It also reminds me of some of the prejudices, habits and misconceptions that one inculcates from time to time if one is not aware.

consider the following:

  1. Do you want your opinion and knowledge to be correct, or do you want (so claim) that they are correct?
  2. Do you wear a lawyer, politician or scientist hat given the situation?
  3. Are competence and self-confidence independent or dependent variables? If theres a causal relationship, then what is the direction?
  4. Ask how it helps the overconfident reveal the depth/shallowness of your knowledge and need to know more?
  5. Only secure identification can take the benefit of doubt, can you?
  6. Is your opinion being proved wrong by a wounded self-identification question or a thank you opportunity for the future?
  7. Is the team experiencing relationship conflicts or work conflicts?
  8. Are you able to keep up with challengers because they matter to you and weed out insecure critics?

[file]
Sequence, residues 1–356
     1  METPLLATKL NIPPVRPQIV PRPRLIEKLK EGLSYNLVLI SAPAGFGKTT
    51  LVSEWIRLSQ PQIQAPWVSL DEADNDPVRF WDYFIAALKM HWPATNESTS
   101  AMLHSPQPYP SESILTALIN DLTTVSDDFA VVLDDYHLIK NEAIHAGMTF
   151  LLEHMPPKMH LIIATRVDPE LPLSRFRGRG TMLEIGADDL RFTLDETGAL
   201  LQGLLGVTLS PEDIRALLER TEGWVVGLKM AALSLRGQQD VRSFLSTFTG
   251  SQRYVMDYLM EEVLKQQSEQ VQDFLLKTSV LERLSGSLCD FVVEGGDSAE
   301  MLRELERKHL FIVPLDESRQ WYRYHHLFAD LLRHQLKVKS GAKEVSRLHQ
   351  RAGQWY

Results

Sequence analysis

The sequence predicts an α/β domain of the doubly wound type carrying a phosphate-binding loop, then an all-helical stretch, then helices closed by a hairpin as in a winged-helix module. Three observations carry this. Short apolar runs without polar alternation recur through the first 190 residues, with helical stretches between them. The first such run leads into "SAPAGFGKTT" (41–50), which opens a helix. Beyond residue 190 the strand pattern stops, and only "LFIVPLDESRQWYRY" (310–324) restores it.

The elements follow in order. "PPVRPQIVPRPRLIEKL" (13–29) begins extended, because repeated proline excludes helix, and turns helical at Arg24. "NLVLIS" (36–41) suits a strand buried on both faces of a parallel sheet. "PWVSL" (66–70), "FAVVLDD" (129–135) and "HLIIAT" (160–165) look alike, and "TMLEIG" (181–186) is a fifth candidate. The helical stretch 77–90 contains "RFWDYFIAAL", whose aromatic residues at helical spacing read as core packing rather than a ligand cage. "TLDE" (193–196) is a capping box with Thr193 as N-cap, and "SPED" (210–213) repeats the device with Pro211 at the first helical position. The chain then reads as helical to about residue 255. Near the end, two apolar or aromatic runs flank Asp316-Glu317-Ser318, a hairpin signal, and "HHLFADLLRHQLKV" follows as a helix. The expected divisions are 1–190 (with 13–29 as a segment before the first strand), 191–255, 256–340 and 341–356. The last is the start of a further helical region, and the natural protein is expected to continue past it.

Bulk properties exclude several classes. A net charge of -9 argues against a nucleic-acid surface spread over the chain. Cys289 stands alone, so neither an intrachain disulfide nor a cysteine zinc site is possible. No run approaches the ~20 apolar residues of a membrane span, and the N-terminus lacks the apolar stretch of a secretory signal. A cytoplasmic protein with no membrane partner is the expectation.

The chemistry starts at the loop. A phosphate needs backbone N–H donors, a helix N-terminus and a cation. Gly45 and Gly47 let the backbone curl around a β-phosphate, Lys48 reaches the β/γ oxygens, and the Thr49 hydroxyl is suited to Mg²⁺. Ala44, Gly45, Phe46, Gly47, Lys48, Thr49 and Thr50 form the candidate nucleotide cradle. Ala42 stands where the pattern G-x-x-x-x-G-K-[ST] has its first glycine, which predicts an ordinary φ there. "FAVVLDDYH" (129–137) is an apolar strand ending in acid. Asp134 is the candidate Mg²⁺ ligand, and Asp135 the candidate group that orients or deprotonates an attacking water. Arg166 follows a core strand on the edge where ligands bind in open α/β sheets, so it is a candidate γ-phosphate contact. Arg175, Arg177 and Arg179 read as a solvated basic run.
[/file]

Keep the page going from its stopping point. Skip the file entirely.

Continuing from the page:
9. Is your disagreement leading to debate or controversy?
  10. The more important the point, do you rely on to present more arguments in your favor, or to make some significant argument, but explained in detail?
  11. To solicit feedback, do you use a rating scale to indicate feedback and look for ways to improve scores?
  12. Do you anticipate or ask what kind of evidence will allow others to open your position for reconsideration?
  13. Stereotypes are rarely challenged by providing evidence to the contrary, but often by asking how you know. And what will it take to verify it?